In an Australian first, on 19 May 2022 the Motor Accident Insurance Commission (MAIC) has commenced prosecution proceedings against five separate parties for various alleged claim farming offences.
In total, prosecutions for 324 claim farming charges have been commenced, each in the Brisbane Magistrates Court. Prosecutions for multiple alleged offences have been commenced against a Queensland based legal practitioner, three Australian corporations and an individual.
Each claim farming charge involves an alleged contravention of section 74 of the Motor Accident Insurance Act 1994 (MAI Act). Section 74 of the MAI Act prohibits the giving or receiving of financial incentives for CTP claim referrals and/or potential CTP claim referrals. The maximum penalty upon conviction for an offence against section 74 is currently:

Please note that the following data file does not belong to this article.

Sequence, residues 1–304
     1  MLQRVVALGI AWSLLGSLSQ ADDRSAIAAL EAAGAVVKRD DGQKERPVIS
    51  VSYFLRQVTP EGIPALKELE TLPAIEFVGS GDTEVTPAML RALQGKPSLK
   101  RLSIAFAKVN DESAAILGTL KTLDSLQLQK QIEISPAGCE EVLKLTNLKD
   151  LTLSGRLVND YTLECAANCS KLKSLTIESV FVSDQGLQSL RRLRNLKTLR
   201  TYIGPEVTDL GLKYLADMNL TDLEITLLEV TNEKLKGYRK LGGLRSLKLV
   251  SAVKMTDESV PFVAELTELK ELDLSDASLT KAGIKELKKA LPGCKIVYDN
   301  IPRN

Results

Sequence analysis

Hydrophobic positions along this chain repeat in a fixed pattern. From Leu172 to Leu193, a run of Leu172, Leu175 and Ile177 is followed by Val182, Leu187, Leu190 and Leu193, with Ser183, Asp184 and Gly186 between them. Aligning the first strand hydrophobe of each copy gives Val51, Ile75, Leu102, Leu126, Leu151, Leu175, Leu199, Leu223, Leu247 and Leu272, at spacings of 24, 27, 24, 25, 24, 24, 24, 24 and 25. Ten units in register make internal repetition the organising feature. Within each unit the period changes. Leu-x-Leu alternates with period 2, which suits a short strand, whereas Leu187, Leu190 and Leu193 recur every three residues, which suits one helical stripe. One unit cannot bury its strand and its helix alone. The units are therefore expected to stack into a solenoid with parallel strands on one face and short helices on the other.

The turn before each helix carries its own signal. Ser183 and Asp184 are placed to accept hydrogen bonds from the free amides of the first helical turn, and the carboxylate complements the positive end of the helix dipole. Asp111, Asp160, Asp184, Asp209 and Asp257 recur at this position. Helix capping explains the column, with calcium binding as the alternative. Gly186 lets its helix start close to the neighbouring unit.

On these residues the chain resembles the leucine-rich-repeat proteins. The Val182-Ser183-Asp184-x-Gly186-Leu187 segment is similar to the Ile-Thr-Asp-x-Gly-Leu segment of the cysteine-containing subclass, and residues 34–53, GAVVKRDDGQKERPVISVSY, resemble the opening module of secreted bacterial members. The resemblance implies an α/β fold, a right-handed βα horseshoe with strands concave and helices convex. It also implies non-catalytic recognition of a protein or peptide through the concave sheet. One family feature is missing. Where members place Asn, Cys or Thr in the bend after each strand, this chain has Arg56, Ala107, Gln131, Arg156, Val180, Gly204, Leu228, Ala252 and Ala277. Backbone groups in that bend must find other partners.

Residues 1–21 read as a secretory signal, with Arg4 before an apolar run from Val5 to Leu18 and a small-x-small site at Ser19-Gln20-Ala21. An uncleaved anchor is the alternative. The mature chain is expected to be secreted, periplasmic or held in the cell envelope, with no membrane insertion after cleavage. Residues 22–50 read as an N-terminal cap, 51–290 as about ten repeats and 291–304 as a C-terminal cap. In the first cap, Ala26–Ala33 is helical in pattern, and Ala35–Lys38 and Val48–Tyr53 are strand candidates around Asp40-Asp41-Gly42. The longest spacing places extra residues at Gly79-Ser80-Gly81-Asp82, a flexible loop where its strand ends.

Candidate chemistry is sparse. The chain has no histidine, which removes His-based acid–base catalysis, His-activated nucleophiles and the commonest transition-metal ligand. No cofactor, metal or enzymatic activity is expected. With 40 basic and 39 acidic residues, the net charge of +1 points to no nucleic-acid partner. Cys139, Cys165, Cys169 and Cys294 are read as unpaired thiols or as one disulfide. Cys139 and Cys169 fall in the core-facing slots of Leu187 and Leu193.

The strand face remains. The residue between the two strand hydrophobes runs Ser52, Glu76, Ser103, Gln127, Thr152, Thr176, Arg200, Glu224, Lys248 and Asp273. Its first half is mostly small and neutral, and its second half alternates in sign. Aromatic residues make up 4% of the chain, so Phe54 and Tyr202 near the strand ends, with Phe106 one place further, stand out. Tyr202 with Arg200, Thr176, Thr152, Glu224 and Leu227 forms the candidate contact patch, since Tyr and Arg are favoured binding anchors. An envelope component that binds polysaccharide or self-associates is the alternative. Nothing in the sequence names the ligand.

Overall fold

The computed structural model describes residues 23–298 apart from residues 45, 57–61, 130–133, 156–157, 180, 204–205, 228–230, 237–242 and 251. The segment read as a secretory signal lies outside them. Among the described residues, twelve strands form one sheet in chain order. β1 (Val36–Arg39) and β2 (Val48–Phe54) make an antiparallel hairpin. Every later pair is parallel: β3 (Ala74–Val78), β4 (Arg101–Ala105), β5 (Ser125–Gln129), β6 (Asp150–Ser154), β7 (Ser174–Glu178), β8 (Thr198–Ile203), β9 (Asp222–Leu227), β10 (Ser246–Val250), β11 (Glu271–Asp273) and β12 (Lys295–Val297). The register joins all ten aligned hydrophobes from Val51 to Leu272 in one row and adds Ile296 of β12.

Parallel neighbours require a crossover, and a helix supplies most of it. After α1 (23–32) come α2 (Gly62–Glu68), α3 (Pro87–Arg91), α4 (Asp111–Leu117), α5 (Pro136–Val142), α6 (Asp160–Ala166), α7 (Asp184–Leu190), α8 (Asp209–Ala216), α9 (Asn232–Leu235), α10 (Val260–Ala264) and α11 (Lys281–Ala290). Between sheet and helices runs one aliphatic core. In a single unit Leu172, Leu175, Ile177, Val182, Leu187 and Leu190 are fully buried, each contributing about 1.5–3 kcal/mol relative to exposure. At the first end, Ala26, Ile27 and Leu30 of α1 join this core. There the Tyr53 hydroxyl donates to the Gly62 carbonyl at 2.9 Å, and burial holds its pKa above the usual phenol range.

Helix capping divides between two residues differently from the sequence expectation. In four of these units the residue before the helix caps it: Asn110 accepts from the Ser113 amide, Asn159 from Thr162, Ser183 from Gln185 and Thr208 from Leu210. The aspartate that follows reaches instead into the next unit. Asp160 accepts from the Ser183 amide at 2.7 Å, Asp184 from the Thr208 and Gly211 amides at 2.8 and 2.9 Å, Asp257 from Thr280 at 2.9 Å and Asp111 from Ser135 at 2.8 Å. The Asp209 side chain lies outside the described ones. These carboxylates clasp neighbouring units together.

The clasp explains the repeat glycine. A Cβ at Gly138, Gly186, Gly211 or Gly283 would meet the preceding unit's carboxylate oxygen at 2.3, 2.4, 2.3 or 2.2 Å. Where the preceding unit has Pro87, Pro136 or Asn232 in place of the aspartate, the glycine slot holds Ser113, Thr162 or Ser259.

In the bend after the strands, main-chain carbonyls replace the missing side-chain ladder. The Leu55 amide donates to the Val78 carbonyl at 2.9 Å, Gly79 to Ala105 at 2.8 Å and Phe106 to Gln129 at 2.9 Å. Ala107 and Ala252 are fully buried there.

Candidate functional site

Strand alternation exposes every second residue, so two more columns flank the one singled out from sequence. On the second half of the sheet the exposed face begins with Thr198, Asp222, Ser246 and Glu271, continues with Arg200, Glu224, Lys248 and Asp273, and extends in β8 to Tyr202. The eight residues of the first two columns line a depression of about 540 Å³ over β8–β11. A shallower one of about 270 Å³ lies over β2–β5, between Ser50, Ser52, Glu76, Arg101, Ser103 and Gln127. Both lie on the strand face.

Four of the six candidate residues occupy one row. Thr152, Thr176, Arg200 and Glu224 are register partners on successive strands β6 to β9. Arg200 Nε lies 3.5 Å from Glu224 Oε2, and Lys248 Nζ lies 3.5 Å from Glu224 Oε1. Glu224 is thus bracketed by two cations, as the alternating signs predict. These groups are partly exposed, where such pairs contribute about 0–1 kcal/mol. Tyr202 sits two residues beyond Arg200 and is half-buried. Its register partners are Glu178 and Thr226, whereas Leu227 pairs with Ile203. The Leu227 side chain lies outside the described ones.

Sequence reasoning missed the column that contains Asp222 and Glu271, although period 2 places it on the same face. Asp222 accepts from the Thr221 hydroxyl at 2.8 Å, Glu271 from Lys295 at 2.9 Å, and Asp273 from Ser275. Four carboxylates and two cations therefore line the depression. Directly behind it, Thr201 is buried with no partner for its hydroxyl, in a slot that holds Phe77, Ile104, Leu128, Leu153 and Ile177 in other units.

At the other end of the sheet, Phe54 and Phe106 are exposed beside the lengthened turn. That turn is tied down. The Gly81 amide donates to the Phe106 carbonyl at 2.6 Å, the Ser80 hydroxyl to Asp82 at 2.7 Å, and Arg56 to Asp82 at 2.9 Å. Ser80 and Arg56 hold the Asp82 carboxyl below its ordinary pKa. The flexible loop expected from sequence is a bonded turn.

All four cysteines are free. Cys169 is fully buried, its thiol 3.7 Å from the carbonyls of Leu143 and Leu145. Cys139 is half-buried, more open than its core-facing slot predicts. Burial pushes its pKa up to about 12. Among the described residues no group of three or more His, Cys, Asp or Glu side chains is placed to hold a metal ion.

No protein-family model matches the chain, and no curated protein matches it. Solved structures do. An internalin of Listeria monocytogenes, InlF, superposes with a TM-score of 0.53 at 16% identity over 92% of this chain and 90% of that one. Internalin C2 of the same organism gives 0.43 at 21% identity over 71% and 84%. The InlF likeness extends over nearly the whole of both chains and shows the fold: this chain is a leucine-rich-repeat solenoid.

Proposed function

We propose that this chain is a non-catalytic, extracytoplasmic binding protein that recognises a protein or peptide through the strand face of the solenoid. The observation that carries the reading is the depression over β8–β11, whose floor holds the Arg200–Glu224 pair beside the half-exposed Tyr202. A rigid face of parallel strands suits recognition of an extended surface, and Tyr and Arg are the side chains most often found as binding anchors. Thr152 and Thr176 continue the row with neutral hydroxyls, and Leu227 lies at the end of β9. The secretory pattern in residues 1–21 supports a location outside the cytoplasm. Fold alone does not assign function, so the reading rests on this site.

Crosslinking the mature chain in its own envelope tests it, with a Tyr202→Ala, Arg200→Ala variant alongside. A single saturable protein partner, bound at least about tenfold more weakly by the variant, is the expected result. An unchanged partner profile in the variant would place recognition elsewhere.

- For an individual – 300 penalty units / $41,355 fine per contravention; and
- For a body corporate – 1,500 penalty units / $206,775 fine per contravention.
In addition, and on the same date, one of the Australian corporations was also charged with an offence of contravening an information requirement (section 87RT of the MAI Act).
All charges are listed for first mention in the Brisbane Magistrates Court on 17 June 2022.
Since the December 2019 introduction of important claim farming reforms to the MAI Act, MAIC has been working closely with the CTP Industry to educate and inform, to monitor and take action to stamp out this insidious practice.
If you come into contact with someone you suspect is a claim farmer, cease the contact and report the details through the MAIC website (Report a Claim Farmer).